Enough of my toying with you, gentle reader! As you've probably surmised, this post is a testament to my inability to control the urge to post about something I'm excited about, even if I have nothing original or interesting to say. That's right, it's one of those meta-posts, posts about posting, which have taken up a good portion of my blog thus far. Let me quell your growing outrage by attempting to get to the point, albeit briefly - the game so far has been rather enjoyable, but I must say that I don't see why some regard this to be miles above Baldur's Gate; I find the gameplay to be rather similar. My guess is that it probably has to do with the different dialogue paths, which I haven't explored (like I said, I'm playing good now, but later I'll go on the path of pure evil). The most obvious difference is the amount of dialouge in P:T is easily two-fold, and one spends a lot more time reading than fighting. Does that sound like your kind of thing? I usually find myself preferring dialogue over combat, but I can't say that I'm floored over P:T's approach compared to either BG game - I thought BG struck a pretty good balance between dialogue and combat (but, then again, my previous RPG outing was Diablo, so my view may have been a little tainted..!).

The dialogue is usually well-written, and there's lots of it!

Combat takes a back seat, but if you're itching for a fight, you can cause all kinds of commotion

Indeed, the amount of dialogue involved can be overwhelming at times, but I for one relish it, even though it means that one tends to pay attention to incongruities in dialogue options that one might otherwise leave alone. For instance, there is a character you can talk to, whom you've never met before, but there is immediately a dialogue option asking whether they'd like to join your group of heroic travellers. Given the otherwise high standard of dialogue and story, such things tend to stick out a bit more than they would in other games. Then again, maybe I'm turning into a pedant where instead I should take Frank Zappa's advice: "Shut up 'n play yer RPG" (as the reader can no doubt tell, at this point I am totally insane. But Zappa would've wanted it that way. Did the man not say, way back in 1967, "Freak out!").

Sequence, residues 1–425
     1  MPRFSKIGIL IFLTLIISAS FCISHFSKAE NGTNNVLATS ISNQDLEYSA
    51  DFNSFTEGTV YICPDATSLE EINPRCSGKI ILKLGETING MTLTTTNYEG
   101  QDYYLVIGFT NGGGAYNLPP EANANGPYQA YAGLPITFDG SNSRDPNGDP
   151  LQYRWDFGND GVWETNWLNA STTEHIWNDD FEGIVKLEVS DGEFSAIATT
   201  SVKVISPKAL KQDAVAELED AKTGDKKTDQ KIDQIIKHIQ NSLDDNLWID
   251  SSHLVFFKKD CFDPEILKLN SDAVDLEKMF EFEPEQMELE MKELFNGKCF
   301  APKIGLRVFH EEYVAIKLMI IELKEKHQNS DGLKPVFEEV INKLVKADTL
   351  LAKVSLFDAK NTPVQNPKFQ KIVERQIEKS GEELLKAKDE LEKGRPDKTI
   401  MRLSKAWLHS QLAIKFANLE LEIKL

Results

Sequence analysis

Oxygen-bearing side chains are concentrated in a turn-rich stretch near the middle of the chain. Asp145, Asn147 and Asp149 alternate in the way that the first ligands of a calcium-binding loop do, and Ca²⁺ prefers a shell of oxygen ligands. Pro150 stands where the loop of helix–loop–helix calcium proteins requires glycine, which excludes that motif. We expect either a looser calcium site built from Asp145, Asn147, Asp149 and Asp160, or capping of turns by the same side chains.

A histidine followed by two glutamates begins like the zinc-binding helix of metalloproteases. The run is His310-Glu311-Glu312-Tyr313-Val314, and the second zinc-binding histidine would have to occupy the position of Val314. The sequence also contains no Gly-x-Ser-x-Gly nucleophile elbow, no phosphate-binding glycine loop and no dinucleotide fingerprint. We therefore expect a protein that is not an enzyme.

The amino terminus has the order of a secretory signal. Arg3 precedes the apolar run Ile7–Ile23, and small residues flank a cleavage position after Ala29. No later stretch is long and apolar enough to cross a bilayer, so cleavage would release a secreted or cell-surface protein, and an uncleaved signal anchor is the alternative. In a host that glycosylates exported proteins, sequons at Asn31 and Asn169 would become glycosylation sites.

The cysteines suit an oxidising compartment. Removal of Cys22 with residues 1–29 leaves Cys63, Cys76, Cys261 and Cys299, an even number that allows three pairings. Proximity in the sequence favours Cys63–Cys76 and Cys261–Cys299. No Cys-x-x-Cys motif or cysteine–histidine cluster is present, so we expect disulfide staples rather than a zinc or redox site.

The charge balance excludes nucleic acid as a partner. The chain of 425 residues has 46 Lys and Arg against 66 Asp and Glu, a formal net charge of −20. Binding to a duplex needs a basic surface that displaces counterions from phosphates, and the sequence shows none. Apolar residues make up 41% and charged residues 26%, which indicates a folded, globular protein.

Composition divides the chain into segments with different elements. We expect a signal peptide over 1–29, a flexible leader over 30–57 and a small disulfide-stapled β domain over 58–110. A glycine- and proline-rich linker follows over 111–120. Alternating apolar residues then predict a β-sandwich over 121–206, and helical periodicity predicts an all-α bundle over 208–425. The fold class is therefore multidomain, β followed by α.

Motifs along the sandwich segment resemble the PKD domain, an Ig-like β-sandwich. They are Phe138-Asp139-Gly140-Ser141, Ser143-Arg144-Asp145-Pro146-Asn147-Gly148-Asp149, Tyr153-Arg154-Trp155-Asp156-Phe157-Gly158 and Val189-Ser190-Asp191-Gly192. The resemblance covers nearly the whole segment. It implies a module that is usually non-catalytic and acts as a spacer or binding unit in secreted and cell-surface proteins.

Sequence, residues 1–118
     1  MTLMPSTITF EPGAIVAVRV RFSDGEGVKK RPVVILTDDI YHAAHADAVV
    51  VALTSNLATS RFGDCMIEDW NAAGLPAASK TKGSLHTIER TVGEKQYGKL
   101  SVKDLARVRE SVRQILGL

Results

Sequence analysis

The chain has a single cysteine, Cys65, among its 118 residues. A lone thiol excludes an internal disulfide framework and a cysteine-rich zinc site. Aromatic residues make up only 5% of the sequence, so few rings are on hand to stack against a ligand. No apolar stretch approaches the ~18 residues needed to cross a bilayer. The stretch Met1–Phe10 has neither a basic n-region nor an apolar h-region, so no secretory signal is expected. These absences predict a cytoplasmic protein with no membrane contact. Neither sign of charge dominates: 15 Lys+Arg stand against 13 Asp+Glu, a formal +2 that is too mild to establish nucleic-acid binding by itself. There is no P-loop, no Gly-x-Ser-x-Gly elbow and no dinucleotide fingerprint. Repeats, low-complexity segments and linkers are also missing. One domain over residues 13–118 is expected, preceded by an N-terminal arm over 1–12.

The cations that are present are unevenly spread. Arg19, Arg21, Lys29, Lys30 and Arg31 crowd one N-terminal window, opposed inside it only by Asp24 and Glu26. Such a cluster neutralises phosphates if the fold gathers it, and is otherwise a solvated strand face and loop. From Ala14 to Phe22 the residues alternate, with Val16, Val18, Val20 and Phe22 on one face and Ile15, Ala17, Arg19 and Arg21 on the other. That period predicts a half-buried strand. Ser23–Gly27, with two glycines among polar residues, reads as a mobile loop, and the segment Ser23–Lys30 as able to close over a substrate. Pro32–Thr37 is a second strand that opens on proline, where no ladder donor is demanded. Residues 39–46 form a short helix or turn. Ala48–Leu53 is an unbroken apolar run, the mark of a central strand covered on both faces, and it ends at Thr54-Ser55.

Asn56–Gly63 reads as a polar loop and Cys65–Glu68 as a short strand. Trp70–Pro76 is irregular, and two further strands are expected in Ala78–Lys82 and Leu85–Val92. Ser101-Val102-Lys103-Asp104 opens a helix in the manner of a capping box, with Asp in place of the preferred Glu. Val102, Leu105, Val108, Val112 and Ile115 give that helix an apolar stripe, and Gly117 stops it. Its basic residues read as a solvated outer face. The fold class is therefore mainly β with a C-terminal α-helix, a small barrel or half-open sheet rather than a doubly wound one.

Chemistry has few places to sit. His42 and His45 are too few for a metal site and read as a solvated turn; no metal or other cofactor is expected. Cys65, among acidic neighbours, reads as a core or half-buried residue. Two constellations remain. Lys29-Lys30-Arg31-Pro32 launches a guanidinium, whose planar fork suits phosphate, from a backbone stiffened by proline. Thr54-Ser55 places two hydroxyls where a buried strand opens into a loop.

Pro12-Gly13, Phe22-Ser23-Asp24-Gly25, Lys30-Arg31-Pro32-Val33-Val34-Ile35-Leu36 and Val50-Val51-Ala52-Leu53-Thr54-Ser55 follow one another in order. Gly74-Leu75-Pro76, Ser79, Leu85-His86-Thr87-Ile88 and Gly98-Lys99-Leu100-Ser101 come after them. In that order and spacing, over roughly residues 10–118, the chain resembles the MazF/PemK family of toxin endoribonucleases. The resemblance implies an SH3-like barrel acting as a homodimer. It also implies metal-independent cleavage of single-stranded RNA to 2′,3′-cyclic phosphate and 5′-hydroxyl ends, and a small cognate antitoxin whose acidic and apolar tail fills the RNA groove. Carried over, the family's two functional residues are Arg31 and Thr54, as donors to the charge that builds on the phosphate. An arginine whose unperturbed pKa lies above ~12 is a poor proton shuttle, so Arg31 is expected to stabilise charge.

Friday, July 08, 2005

I spent (wasted?) some time trying to make a satisfactory revision of the program I wrote a year ago to play song samples from CDUniverse. It took me far longer than expected, but it's done with some degree of decency. I'm disappointed that I didn't follow a test-driven approach, because even though the program is trivial, I can easily see myself wanting to extend it in the future, and maybe even use it as part of my other not-so-secret project. The problem with tests here is that it would involve interaction with WMP, and it seems to me that actually writing tests would be far harder than the code I've already got. For instance, the code to test whether "Play Songs" really does play songs strikes me as being rather nasty - I don't see an elegant way of doing it. That dreary technical note aside, my first stab ended up with something like this:

I was quite happy with this, but it only worked with CDUniverse, which was the original intent. The problem with this is of course that CDUniverse's repository of sound clips is hardly complete, in fact the AllMusicGuide database seems to have much more. I thought it would be easy to allow one to choose to use AMG, but in fact I came across something unexpected - now that AMG requires registration for access to most of its content, the program was shot, because merely copying the URL from my browser would lead to a innocuous enough page where the links to the sound clips were blank! (The way the program works is quite primitive - one has to actually navigate to the sample page via a browser, and then paste the URL into the program. The program isn't sophisticated enough to just get an album name and then determine the URL automatically - that, of course, has been left as a job for my other project) This morning, I chose the tried and true method of the cop-out, where I decided that for AMG, one would have to copy the source as an HTML file stored on the client's hard-drive, and then use that as the "URL". Messy, no?! Of course, it works, but I am disappointed that I haven't been able to come up with an unified interface for these two providers. I'd imagine that the music catalogue program would solve these problems because of the generality of the data you feed it, but still, I'd like for this stand-alone program to be cleanly designed too. At the very least, of course, I managed to implement a simple MVC pattern here, which was something painfully missing from the previous incarnation of my catalogue program.